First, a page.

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"Whoa!" piped a thin voice.

Irene looked up. The Colonel dropped his paper and gazed at her unguardedly. "Whoa!" in a rising note of command. Between the two lines of acacias appeared the head, then in slow succession the rest of a long-legged, long-bodied horse and a high-hung, far-reaching vehicle, on the seat of which was perched a slip of a girl.

"Whoa!" an explosive, final effort of authority.

As if worked by an automatic spring, when the animal reached the gate, he stopped short. The girl leaned forward, and with punctilious care arranged the reins around the dashboard; then selecting a milk-can from a number at her feet, climbed down over the wheel and came up the graveled driveway, one hand extended to balance the heavy weight in the other. Her faded gown, evidently designed for some one much larger, came almost to the ground, and gave to her plump little body the appearance of being years older than the face beneath the flapping brim of the weather-stained man's hat.

"Hello, Mary! Go round!" saluted the Colonel, as she neared the porch.

Instantly eyes, lips, the dimples of her round face flashed him a greeting. A sudden shyness swept this brightness away when she saw he was not alone. She dropped her head and slipped under the arching leaves of a large palm in the direction of the kitchen.

"Mary-go-round?" Irene turned in interrogation towards the Colonel.

"Yes, Mary by her sponsors in baptism; the rest of her cognomen acquired by her own efforts, she being the most methodical and altogether dependable milk distributor on the Coast."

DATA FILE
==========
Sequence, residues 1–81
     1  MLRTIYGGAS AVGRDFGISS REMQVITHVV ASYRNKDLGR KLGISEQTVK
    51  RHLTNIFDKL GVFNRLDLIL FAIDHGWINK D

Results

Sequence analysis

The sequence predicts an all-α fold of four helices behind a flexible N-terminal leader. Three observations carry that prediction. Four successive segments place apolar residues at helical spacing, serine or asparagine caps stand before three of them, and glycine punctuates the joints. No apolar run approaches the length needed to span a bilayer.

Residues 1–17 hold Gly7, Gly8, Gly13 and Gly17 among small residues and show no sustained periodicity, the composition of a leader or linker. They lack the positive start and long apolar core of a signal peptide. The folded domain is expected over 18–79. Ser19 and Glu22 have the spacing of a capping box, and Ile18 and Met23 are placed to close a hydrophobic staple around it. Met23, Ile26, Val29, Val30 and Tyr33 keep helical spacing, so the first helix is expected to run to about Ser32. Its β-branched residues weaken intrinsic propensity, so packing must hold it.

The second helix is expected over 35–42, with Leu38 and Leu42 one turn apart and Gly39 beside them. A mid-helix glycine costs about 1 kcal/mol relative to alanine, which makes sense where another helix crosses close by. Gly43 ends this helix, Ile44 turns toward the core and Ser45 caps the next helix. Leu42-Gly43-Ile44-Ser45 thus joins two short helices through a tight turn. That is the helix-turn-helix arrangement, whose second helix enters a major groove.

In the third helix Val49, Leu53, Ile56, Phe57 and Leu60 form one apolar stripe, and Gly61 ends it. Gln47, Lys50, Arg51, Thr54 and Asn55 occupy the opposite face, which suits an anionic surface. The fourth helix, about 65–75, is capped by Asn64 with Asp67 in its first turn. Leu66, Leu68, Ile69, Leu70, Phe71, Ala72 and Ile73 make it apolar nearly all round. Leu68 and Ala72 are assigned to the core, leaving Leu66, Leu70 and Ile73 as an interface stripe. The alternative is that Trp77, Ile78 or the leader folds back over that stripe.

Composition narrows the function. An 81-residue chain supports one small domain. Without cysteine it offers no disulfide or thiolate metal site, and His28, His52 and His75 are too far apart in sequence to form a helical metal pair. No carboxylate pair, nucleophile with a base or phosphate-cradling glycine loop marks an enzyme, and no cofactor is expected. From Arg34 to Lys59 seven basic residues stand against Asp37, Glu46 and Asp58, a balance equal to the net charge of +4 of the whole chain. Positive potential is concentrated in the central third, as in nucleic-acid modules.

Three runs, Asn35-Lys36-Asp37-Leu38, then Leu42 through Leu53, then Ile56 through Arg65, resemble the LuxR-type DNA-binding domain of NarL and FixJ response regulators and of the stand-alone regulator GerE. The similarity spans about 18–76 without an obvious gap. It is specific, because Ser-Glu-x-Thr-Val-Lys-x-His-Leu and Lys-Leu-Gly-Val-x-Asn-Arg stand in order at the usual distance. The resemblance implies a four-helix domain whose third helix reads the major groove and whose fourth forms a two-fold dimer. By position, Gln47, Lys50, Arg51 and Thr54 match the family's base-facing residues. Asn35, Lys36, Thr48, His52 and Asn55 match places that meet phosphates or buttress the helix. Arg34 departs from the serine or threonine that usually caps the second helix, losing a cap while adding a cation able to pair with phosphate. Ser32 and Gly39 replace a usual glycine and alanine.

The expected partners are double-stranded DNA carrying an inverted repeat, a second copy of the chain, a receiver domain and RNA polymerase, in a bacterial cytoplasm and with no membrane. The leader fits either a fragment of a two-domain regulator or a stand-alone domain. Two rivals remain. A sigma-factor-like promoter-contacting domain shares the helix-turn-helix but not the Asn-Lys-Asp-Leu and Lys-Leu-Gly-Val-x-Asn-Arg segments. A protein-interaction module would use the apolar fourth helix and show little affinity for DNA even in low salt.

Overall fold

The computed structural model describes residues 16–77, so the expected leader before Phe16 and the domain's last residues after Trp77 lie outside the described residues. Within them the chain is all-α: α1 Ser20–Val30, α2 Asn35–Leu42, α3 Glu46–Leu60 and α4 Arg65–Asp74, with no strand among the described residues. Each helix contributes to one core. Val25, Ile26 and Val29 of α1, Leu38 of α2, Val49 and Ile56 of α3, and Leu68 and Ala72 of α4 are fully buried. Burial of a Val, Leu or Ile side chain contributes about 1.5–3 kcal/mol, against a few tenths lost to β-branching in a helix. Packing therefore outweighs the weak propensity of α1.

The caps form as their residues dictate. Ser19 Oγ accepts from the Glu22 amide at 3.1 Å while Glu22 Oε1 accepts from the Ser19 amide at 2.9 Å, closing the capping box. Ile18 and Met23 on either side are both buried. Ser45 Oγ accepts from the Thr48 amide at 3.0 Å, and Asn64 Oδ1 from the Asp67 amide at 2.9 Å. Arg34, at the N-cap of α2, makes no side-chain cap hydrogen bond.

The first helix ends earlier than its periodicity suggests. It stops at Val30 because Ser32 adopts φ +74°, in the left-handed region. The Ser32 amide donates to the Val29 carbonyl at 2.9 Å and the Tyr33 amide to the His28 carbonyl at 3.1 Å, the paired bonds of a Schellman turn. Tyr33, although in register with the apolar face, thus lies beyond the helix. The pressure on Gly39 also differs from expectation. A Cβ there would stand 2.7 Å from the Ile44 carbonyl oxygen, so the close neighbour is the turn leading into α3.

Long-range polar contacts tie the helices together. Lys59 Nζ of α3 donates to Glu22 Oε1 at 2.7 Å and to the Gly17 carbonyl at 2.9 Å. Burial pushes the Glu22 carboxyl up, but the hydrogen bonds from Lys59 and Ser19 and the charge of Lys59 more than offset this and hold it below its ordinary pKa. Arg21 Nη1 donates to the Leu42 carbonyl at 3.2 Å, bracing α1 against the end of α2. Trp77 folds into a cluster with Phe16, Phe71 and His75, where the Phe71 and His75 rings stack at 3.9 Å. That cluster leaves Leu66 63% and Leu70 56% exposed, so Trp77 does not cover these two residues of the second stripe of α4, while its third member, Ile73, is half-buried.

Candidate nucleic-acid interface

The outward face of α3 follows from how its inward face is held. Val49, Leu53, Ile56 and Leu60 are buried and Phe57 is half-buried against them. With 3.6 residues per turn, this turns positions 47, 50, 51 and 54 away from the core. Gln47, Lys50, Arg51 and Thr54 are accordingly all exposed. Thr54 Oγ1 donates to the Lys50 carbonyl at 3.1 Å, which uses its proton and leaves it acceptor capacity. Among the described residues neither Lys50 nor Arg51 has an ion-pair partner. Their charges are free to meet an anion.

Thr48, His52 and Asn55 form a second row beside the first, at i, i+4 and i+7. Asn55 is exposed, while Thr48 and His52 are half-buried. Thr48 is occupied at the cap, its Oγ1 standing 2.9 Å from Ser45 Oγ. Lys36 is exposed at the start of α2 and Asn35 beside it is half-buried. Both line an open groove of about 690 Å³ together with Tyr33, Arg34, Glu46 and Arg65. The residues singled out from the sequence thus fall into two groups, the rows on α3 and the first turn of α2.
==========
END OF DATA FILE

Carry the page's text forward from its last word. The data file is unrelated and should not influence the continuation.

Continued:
"But, Cousin Tom, the horse: he does not look very dependable," she laughed, pointing to the animal whose every joint seemed about to unhinge and let his body to the ground.

"Old Charlie! Humph! Why, that horse has a pedigree as long as your own, though you do go back to a Revolutionary great-grandfather and an exceedingly exceedingly great Mayflower grandmother. Jim Nichols brought him here from the East; thought he'd got something that would step along faster than anything in the

West. He spent a lot of money on him, and he did go like the wind. I used to watch him when Jim would let him out for a little spurt along the street here. He didn't take anybody's dust, not that season. Then all at once the creature went lame; wasn't worth six bits. Jim sold him for a song to Mary-go-round's grandmother, and the old German woman has doctored him up someway till he can jog around with her milk cart, but the moment he'd strike out into a trot he'd be hobbling on three legs again."

Just at that moment the sleepy animal they were considering showed signs of awakening. He lifted his head, shot forward his ears and turned towards the house two great, expectant eyes. As Mary stepped from beneath the wide-spreading palm, he greeted her with a welcome whinny.

"Mary!" called Irene, and held out a hand of invitation.

Mary stopped; her brisk business air fell away. "Fraulein," she whispered, and came a step nearer, her worshiping eyes fixed on Irene's face.

"Aren't you a very little girl to go round?" Irene asked.

"Ah! the grossmutter. Her back; it so bad; she go no more."

"But aren't you afraid sometimes?"

"Fraid!" Mary shook her head in violent protest. "Fraid! Why, there's Charlie; Charlie un me's. Why, we's jus' pards."


"Yes. Pards is jus' like one person. They-they-they loves each other."

"Not so bad, Mary," commented the Colonel, smoothing his paper out over his knee. "Not altogether a legal definition, but a good, working one."